Physical and Chemical Limnology of three Lakes within Hoosier National Forest

Thomas P. Simon, Reid Morehouse, Stephanie L. Worden


Three reservoirs, Tipsaw, Indian, and Celina lakes, are located in Hoosier
National Forest in Perry County, Indiana, have experienced annual fish kills for over a
decade. These lakes were evaluated for patterns in their physical and chemical limnology
to characterize morphometrics of length, depth, and width and water quality. Chemical
variables, including pH, conductivity, major ions, and nutrients, were measured to
evaluate water quality differences among lakes. The study lakes were shallow depressions
(Zmean 5 3.06–5.60 m; Zmax 5 7.9–17.0 m) and classified as polymictic. The shallow depths
typically enabled dissolved oxygen to be distributed throughout the water column and
prevented thermal stratification, although pronounced thermoclines developed during 1989,
1991, and 2001. The Carlson trophic index classified these lakes as mesotrophic with the
highest index being calculated for Tipsaw (22– 52 TI), followed by Indian (12–13 TI), and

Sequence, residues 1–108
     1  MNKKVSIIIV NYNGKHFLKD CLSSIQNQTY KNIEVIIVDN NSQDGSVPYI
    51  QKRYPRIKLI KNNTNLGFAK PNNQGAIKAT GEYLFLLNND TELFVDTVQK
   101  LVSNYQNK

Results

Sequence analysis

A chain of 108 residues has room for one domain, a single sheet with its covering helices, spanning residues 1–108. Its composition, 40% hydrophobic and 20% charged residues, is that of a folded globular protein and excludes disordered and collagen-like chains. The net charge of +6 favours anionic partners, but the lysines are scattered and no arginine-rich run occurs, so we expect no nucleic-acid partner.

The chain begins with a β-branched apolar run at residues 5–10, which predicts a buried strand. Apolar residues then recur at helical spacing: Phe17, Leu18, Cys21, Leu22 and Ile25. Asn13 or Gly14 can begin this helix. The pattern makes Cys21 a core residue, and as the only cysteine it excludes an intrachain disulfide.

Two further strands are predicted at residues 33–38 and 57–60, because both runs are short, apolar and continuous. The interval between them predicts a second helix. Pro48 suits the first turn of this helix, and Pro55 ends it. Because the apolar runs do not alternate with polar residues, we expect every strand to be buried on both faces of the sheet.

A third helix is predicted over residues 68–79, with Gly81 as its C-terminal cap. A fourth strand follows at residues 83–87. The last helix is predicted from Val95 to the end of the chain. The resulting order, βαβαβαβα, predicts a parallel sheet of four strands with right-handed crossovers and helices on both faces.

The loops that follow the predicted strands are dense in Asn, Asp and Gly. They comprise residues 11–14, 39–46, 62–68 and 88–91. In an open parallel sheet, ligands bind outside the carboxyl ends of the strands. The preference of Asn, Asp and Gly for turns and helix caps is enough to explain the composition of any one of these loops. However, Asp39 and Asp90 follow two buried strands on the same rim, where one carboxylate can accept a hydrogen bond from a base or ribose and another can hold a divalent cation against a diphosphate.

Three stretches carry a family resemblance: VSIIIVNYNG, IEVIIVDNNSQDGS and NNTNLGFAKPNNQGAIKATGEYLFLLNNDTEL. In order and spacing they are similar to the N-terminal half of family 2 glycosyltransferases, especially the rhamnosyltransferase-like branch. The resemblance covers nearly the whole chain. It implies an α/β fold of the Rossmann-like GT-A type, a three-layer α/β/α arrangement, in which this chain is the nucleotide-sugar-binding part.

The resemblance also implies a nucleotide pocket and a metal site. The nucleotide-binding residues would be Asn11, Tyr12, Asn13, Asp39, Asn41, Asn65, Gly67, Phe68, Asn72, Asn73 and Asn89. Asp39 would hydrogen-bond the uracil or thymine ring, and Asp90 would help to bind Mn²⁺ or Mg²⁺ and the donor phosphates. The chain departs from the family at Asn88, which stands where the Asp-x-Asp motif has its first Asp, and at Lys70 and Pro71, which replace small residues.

Celina (5–14 TI). The highest morphoedaphic index (MEI) was observed in Tipsaw (24.3
(mg/L)/ m), followed by Indian (16.8 (mg/L)/m), and Celina (9.1 (mg/L)/m). The MEI values
observed in the three lakes translate to catch yields of 20–30 kg/ha. General chemical
patterns are towards a stable state or reduction in nitrogen or phosphorus concentrations.
No statistically significant trend based on regression of chemical variable by lake over
time was observed for any parameter during the study period (ANOVA, P .0.05). The shallow
reservoir depths, changing thermocline and oxycline, and reduction in dissolved oxygen can
result in increased potential for continuing conditions promoting fish kills.


lake morphometrics, bathymetry, water quality, Morphoedaphic index, Carlson trophic index

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